The Divinity of Murder
I’ve killed. I’ve murdered. If I'm honest, I enjoy it. It’s my art. Call it what you will; bloodlust, psychopathy, not being loved enough by mommy or daddy, inborn evil, or demonic possession. The truth is you don’t have the guts to see it for what it is; you’re exactly like me only less honest. You don’t care as you think you do; underneath that thin veneer of civility is millions of years of evolution driving your every decision. You need the blood, the death, the thrill that let’s one know they’re alive and that there’s more beyond the meaninglessness of one’s hollowed-out shit existence. It’s there in the movies you watch, the games you play, how you can’t look away from the woman who leapt to her death, the way you sit glued to the news taking in the car crash you call civilization. You reek of it but cover yourself in the cheap perfume of half-truths and lies. It’s there when you reach for your cell phone with the coltan screen, when you sit staring into the nothingness of your bottomless bowl for hours, when you post about pollution from machines linked to coal-fired power plants, when you buy the made-in-China dress because it’s 20 bucks cheaper than buying from a country or company that pays a living wage. Your pleasure, your very existence, comes at the expense of another, you’re just too much of a coward to admit it.
You wear your self-righteousness on your sleeve. You’re not part of the problem; you recycle, you drive a hybrid, you donated to that thing you saw on Facebook! You’re a pescatarian for Christ sake! How could you be part of the problem!? You’re a liar and a coward. Fuck you. Look into the mirror with a fucking modicum of honesty and tell me what you see? You don’t care; you’re a selfish piece of shit just like everyone else. If you truly cared about the things you say you do, you’d put a gun in your mouth, better yet put it in someone else’s then your own. A walking bag of meat trying to convince itself of its benevolence while it consumes and destroys everything in sight. Fuck you. Get off your high-horse. You laugh at the ancients atop their ziggurats; you’re appalled by their rivers of blood, only you’re secretly not. You know, deep down they were onto something. They were out of the closet, full bore human-fucking-beings, hearts pumping, sucking the marrow out, communing with the cosmos, living until they died.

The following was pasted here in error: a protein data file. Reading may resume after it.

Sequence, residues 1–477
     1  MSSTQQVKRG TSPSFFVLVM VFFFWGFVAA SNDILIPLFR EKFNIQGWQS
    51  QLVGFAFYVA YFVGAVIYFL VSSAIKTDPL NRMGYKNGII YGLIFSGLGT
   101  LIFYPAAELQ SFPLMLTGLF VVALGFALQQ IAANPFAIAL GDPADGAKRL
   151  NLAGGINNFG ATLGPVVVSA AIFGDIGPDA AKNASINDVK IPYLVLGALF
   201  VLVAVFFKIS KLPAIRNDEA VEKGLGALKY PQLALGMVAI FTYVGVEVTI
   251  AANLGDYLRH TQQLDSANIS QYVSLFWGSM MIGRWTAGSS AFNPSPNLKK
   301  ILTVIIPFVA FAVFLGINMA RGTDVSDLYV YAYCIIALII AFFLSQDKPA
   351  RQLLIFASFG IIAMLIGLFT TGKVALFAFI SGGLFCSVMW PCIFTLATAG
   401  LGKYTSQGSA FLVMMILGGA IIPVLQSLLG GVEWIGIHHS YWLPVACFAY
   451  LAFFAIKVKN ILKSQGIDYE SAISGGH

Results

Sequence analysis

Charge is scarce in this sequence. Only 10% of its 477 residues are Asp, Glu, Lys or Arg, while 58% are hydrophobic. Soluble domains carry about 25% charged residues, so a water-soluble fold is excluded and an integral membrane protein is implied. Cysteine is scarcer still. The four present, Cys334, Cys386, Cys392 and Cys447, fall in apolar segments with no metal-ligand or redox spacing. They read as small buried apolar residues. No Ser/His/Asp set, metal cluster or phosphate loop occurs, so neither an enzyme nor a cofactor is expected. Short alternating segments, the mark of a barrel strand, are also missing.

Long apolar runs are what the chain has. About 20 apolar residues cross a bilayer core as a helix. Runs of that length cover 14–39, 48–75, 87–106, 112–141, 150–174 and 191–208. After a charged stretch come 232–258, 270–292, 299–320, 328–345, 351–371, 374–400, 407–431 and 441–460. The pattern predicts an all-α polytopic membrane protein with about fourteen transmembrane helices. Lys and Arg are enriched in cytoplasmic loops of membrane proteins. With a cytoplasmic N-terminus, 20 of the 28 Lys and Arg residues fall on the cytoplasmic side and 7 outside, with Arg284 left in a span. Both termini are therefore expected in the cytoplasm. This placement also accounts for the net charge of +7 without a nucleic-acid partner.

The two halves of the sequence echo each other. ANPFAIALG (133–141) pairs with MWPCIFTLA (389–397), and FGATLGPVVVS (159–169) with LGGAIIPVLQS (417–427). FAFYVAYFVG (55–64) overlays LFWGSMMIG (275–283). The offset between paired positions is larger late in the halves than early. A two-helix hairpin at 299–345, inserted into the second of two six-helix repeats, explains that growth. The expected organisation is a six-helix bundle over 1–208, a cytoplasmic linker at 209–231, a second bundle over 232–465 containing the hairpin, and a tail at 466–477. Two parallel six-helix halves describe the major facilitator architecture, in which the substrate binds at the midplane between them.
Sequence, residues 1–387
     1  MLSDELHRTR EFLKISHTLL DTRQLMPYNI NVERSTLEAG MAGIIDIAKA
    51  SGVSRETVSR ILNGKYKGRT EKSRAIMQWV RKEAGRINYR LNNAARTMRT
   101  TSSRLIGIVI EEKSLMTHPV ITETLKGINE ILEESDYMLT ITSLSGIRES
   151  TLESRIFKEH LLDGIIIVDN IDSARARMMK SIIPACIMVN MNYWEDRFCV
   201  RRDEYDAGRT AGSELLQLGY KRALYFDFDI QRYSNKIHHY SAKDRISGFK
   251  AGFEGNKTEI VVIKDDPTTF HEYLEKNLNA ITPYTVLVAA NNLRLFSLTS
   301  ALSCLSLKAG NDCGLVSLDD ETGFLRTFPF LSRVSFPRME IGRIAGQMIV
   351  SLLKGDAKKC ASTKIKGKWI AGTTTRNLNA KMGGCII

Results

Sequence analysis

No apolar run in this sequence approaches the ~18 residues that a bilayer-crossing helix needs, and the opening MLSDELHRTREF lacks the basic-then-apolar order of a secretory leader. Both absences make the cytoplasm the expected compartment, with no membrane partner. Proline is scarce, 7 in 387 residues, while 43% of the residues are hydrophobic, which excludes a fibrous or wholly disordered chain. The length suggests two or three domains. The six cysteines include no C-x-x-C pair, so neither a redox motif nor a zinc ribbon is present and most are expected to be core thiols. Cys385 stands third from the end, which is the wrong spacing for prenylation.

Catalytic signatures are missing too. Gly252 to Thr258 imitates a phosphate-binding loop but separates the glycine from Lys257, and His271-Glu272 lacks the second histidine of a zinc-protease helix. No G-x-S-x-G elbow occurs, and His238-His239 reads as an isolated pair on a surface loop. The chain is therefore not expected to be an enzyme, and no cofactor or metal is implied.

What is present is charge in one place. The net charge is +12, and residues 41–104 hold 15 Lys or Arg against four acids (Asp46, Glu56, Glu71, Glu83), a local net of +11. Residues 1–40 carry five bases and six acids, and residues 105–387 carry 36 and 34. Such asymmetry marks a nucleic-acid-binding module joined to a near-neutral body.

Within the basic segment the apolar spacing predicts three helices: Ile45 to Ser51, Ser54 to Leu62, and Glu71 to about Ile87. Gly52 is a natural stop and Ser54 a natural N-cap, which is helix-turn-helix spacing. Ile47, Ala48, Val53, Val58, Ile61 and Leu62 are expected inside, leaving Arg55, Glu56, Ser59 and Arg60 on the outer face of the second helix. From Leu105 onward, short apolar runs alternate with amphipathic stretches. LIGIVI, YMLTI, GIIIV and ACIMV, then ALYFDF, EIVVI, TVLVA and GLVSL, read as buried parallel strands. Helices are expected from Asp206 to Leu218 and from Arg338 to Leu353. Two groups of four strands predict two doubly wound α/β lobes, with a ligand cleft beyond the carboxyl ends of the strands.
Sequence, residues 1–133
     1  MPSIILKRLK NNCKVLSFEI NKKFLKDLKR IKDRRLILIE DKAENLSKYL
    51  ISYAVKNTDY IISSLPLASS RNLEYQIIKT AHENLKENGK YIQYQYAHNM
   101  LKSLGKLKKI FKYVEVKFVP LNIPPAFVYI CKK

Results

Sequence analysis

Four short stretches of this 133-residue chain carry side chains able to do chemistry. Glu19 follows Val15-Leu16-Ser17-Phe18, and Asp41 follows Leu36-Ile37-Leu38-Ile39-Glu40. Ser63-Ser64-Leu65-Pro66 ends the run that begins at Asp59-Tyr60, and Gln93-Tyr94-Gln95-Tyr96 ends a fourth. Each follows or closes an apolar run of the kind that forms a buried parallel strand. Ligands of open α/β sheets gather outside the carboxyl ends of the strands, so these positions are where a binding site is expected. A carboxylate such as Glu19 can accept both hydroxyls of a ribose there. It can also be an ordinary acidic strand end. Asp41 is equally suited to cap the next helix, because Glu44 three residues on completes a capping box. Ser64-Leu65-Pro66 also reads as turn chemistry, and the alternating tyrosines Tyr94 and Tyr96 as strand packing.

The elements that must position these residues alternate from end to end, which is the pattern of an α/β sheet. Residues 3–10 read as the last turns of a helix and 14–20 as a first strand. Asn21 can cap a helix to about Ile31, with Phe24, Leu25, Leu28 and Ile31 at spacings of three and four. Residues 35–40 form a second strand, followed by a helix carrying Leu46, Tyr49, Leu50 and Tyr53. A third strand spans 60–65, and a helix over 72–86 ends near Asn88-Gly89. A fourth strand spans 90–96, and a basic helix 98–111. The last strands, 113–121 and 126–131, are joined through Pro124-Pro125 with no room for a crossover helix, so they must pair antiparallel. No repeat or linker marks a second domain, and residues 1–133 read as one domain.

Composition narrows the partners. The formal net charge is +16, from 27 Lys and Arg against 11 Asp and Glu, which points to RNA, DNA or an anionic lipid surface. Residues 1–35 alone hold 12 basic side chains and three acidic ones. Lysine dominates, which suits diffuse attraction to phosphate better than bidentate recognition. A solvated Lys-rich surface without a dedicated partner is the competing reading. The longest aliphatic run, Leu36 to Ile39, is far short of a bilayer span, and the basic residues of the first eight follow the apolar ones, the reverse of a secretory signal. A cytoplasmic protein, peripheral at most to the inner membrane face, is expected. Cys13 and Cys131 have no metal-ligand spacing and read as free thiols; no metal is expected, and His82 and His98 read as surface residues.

There was a time I needed to believe; then I wanted to believe. That’s over now. I chose to kill my fictive self instead of my actual self; I could carry on with the glaring cognitive dissonance no longer.
My earliest memories of killing are probably like yours. Burning ants with a magnifying glass, a squashed spider here, the legs ripped off a cricket there, a centipede and a wasp in a cage, a twitching mouse in a trap. The bb gun my brother got for his tenth birthday led to larger prey. Crows and squirrels mainly. They had it coming, harassing songbirds and stealing food from the bird feeders dotting my mother’s gardens.
You’re probably imagining I come from a terrible home, have some kind of hellish tale about drug addled parents, eating out of dumpsters, being molested around every corner before being sent off to an orphanage where I’d face another string of endless molestations. Such things are entertaining for you, aren’t they? But I’ll have to disappoint. I could be you; maybe I had a better upbringing, more opportunity, staunchly middle class, the oldest daughter of a professor and a high school history teacher. I had a big yard full of walnut, apple and oak trees, a membership to the local tennis and swim club; I played around the neighborhood in the friscillating dusk light on soft summer nights until the street lights came on.
My second year of middle school, I killed my first big mammal — a German shepherd that snapped at my friends and I when we passed on the way to school. Its chain was rusty and constantly threatening to snap, to me, it was a matter of time. I loaded some leftover lasagna with different kinds of pills from my parents’ medicine cabinet and tossed it to the dog on the way to school. All-day I fantasized about its death: the convulsions, the foaming at the mouth, the seizures and death throes. Disappointment struck on the way home when the dog simply wasn’t there.